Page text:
System Administrator Appreciation Day, or: a crisis of identity

Today is System Administrator Appreciation Day, a day for everyone to express their gratitude for the sysadmins who maintain the technical infrastructure we all rely on. For the first time since I’ve heard of this holiday, I’m not a practicing sysadmin. Wait, what? I haven’t said much about it for a variety of reasons, but I transferred to a new job (I had to move all the way across the hall!) in June. We’re still defining the exact scope of my job, but the basic foci are training, documentation, and engaging new and existing scientific communities. It should be interesting work, but it’s causing a bit of an identity crisis.

My whole professional career has been systems administration. Trying to separate myself from that has been challenging. It’s small consolation (though sufficient justification for entering Think Geek’s giveaway) that I still administer my desktop at work and a minimal home network. In much the same way that I consider myself a meteorologist because I have credentials and practice as a hobbyist, I can still consider myself a sysadmin. But it’s not the same.

Since starting my new job, I’ve caught myself thinking of myself as a[n active professional] sysadmin. When I realize that I’m not, it leads to a search for identity. The fact that my new job doesn’t seem to have a broadly accepted title (officially, I’m a “Research Programmer”, but that’s more of a bureaucratic shortcut than an actual reflection of reality) doesn’t help. There’s no simple explanation of what it is…I do here.

It’s quite likely I’ll return to sysadmin ranks at some point, either professionally or by contributing to the Fedora Infrastructure group. Until then, I’ll keep tuned in with my LOPSA membership and going to LISA. Maybe I’m just a sysadmin-in-exile?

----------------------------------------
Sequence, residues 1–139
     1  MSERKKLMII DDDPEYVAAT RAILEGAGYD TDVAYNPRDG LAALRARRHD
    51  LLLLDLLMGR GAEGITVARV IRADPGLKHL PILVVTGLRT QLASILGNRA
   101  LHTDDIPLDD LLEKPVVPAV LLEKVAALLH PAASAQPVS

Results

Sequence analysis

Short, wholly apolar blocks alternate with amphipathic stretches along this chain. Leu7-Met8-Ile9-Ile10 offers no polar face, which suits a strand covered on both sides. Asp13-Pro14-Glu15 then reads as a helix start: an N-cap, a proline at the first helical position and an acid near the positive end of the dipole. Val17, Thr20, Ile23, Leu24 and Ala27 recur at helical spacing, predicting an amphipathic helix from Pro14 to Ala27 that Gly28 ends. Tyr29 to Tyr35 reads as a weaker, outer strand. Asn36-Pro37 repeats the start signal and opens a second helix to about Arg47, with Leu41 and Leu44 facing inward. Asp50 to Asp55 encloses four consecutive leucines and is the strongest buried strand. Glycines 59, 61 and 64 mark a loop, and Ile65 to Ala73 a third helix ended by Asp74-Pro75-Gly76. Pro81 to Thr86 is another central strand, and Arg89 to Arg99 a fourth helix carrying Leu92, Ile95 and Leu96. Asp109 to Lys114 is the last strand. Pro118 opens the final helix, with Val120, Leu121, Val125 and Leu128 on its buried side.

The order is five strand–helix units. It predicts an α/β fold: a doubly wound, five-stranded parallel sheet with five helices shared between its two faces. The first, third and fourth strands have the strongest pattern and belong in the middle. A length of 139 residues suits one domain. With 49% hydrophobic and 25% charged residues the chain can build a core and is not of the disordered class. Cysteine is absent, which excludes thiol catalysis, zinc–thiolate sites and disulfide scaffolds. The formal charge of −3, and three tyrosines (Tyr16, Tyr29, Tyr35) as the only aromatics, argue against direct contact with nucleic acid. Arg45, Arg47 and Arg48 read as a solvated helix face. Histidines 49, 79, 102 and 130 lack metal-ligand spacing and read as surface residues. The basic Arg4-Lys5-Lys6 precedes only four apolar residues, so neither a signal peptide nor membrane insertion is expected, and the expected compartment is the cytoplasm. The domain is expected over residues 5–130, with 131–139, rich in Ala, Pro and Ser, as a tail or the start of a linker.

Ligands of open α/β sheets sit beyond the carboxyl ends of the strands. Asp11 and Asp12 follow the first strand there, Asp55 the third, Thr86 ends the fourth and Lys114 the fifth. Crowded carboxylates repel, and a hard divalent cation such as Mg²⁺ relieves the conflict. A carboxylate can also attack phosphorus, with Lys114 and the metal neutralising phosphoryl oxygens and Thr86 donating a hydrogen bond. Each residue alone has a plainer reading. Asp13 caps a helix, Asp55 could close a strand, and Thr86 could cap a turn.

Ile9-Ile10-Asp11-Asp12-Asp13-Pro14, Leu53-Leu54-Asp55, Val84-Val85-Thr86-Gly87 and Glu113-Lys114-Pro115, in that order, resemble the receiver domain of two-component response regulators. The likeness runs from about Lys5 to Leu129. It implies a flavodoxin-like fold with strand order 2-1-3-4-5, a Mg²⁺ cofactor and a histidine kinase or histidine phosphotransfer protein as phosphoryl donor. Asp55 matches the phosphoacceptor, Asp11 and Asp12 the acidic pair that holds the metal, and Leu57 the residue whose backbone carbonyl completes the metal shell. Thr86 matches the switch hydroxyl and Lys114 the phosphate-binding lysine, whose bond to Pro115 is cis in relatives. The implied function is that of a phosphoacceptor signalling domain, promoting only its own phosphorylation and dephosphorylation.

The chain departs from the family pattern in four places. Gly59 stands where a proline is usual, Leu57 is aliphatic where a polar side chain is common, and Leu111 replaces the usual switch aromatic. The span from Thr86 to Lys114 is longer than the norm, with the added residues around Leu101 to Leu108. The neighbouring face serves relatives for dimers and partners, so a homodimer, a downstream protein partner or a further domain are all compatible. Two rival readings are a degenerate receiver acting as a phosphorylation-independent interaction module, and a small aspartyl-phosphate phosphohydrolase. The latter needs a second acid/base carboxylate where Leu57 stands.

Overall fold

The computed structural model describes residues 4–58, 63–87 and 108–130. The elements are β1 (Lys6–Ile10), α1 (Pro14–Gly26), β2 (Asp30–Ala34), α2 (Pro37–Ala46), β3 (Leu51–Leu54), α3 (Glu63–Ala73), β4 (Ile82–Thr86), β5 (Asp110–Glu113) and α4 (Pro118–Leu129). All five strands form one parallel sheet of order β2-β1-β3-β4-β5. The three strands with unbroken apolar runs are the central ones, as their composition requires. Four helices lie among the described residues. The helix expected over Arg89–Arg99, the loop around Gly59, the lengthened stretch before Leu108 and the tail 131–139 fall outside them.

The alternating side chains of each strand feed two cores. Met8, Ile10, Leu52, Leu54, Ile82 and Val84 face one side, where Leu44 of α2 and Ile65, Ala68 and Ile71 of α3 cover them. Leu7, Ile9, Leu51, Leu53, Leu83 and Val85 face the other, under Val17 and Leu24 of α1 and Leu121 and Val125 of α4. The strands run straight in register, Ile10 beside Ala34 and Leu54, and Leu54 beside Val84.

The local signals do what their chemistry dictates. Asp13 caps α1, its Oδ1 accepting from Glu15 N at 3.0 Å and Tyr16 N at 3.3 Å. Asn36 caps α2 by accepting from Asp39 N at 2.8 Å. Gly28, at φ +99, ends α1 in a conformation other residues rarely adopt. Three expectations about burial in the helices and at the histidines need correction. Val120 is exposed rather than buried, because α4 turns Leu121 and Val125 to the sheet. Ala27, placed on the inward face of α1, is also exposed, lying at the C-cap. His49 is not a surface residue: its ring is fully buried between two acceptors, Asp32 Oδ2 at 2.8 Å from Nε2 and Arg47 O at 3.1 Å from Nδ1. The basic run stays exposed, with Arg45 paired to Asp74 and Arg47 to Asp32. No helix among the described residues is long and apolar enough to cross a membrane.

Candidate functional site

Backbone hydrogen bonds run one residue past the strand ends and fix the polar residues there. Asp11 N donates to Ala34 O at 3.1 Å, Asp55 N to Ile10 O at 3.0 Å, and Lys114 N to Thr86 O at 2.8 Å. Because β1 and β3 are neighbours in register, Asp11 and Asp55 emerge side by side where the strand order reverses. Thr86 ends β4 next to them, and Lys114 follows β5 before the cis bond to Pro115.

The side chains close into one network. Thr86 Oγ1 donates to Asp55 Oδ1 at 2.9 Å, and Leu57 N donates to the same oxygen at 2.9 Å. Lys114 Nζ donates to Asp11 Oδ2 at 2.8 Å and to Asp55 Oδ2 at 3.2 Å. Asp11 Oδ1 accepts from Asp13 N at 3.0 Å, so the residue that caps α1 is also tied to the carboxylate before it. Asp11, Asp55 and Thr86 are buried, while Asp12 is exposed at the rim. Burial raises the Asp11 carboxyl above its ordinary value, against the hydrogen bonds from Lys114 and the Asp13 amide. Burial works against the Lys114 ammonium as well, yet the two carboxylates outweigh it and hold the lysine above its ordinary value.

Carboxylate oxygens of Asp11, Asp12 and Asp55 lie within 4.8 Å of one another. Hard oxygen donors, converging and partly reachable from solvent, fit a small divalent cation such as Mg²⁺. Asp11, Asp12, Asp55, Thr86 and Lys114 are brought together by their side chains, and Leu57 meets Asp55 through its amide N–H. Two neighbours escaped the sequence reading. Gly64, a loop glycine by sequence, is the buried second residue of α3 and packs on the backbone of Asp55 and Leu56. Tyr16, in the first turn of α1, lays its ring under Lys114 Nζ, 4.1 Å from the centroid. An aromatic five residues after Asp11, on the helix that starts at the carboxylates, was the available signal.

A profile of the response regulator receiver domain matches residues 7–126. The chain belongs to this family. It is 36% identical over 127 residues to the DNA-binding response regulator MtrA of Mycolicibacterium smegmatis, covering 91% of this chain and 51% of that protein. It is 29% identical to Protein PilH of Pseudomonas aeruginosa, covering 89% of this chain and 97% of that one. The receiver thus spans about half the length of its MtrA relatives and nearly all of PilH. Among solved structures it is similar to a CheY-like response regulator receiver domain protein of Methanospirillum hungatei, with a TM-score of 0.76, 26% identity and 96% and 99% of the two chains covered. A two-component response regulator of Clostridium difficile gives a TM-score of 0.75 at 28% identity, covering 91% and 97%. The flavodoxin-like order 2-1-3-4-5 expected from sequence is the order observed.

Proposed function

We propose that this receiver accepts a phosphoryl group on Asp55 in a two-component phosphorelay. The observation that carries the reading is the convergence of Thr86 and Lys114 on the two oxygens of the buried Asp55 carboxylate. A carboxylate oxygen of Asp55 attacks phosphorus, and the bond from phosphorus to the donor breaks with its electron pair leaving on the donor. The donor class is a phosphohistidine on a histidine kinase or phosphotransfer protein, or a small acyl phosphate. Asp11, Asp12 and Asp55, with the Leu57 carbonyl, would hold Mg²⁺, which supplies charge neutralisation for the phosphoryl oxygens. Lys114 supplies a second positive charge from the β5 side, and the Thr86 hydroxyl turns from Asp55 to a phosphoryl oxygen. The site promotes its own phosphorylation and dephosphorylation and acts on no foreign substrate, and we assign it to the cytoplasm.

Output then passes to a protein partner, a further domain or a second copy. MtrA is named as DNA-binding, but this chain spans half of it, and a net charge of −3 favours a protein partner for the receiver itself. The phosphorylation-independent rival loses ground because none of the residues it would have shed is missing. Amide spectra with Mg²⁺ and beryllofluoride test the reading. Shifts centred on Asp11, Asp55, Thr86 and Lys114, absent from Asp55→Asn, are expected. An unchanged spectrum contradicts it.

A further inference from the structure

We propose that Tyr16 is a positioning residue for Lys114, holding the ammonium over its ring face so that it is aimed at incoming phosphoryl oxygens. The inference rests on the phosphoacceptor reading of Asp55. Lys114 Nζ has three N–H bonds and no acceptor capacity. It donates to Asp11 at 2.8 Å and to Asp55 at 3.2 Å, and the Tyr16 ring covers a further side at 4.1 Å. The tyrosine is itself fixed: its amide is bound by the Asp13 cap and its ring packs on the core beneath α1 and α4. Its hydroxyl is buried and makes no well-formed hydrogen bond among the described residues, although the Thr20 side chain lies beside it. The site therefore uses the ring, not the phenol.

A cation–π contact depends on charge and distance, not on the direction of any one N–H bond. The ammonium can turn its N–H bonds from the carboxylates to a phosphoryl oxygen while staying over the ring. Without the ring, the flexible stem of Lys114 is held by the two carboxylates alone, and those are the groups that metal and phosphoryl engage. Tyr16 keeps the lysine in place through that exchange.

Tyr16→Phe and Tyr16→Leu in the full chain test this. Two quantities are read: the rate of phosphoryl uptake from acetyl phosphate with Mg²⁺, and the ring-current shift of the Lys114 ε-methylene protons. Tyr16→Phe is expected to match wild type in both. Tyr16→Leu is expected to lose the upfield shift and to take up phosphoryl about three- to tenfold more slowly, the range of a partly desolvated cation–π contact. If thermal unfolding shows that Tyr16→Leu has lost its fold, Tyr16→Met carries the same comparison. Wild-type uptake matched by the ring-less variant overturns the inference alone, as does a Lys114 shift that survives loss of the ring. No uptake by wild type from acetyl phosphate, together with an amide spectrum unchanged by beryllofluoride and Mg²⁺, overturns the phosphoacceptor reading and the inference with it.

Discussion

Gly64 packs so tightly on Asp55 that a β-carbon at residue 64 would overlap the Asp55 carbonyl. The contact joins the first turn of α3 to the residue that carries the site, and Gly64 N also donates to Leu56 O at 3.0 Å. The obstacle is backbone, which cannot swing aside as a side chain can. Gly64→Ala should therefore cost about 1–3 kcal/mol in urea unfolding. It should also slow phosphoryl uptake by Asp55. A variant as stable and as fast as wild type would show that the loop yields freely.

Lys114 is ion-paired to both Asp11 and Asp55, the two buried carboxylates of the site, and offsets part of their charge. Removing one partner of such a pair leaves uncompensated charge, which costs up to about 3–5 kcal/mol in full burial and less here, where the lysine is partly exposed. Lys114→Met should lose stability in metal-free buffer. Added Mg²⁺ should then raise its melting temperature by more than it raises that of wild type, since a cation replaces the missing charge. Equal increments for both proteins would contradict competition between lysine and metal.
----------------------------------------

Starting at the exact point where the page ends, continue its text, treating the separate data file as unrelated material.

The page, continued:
5 thoughts on “System Administrator Appreciation Day, or: a crisis of identity

  1. Was this an actual need for the new, undefined position or are you thinking you did something to cause the job change? Seems like you’re kinda in limbo about the change yourself. Unsure or just nervous about an unclear title?

  2. I completely, wholeheartedly understand.

    The first 6 months of the last 12, I wrestled with the concept and question, “What am I?”

    I had spent so long identifying as my profession that I didn’t have a well-defined image of myself without it. It took a long time to be OK with just being “me”. But it was a tough 6 months.

    You’ll figure it out and be alright with it.

  3. So,

    it seems that I have lately been telling many friends of mine that it is good to hit this step in one’s life earlier as opposed to later. Defining yourself by externally applied means (ESPECIALLY a profession) is something that is very common to the Western world, but I don’t necessarily see it as healthy. One of the first “acceptable” questions in a new social interaction is “What do you do?”… strange. Many of my friends define themselves as being musicians. But- they really aren’t. At the risk of sounding vaguely Deepak Chopra-ish (urgh) Reevaluation of oneself is good, especially at times when one changes jobs. But try to not do it using the lens of your profession or training.

    An intrinsically self contained self evaluation could be infinitely more useful.


  4. I guess I should be a little more clear. I have separate views of myself. Myself as a person is defined by the communities/relationships I’m in (e.g. my family, organizations I’m active in, etc). It’s my “professional” self that remains somewhat unidentified at the moment. Sundeep’s right (as usual) that western cultures are very focused on vocation-as-identity. Perhaps that stems from a lack of community, especially in post-war America where people are more likely to move away from the area where they grew up.

    I’ve just started reading Jono Bacon’s The Art of Community, so I have community on the brain right now. Maybe when I finish it, I’ll explore this muse a little further.

  5. Whom do you get to train?

    What will you be training people about?

    I know someone in your bigger organization that was hired specifically as a trainer. A couple re-orgs later and she can’t do what she was hired to do i.e. train folks across the university.

    I think there is a real need for internally done training.

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